The New York Amsterdam News Building is a historic rowhouse at 2293 Seventh Avenue in the Harlem neighborhood of Manhattan, New York City.
It is historically significant as the publishing home of the New York Amsterdam News between 1916 and 1938. During this period, the newspaper became one of the nation's most influential publications covering African-American issues.
It was designated a National Historic Landmark in 1976.
The New York Amsterdam News was founded in 1909 by James H. Anderson at his home on West 165 Street.
That year marked a shift in the African-American community away from the accommodationist policies of Booker T. Washington, and toward the a more activist attitude, exemplified in part by the founding of the National Association for the Advancement of Colored People.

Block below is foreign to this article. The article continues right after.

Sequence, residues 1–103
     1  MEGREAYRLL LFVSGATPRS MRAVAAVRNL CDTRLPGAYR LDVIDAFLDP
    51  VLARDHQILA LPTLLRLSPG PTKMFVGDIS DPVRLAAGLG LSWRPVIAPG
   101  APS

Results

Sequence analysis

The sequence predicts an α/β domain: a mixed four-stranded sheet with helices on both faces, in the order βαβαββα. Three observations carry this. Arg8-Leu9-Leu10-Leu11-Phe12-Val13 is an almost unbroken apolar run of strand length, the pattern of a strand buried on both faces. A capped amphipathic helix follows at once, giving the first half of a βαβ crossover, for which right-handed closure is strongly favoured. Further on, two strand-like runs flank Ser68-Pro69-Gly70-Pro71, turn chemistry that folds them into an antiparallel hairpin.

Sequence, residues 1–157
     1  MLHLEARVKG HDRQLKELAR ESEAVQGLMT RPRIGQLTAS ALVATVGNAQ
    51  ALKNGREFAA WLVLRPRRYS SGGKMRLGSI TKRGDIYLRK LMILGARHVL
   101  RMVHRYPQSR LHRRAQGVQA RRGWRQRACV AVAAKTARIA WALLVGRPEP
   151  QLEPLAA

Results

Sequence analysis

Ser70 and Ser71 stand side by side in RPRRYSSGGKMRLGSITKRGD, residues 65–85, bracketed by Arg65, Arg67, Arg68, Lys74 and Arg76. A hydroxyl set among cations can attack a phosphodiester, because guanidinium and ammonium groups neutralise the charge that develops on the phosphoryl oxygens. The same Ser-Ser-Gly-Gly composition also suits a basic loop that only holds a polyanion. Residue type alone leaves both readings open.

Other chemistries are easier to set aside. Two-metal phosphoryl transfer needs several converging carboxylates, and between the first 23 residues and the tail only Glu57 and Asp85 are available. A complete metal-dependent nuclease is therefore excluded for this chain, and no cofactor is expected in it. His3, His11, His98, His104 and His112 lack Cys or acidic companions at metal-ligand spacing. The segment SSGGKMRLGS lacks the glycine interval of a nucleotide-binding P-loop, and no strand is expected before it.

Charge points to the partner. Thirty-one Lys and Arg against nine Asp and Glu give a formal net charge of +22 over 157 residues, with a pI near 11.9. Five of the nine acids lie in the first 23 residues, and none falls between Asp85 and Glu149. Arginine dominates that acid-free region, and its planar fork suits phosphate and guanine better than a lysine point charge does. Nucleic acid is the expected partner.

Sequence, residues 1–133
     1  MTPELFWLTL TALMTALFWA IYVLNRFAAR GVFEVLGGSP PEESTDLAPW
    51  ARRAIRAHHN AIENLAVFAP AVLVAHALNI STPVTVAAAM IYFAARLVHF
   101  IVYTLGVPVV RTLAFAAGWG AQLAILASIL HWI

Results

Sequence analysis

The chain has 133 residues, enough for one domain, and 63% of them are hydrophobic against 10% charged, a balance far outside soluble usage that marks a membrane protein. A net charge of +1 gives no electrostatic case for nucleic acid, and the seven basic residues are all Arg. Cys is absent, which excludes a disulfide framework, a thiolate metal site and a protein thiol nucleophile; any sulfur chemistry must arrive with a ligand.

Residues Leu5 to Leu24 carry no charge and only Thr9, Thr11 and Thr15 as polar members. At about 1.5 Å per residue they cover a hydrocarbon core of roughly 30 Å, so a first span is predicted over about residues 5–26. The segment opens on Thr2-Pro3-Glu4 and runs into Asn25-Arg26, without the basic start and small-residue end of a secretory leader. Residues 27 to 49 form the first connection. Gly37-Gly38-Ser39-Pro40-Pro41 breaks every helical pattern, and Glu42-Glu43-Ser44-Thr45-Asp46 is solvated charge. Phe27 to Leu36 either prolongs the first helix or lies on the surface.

The News grew rapidly, and in 1916 moved into this building. Initially founded to serve the local Harlem community, it greatly expanded its reach, speaking out on national issues, and eventually reaching a nationwide audience. Because of this growth, it again outgrew these quarters, and moved to its present facilities in 1938.
The Amsterdam News now publishes out of a building at 2340 Frederick Douglass Boulevard.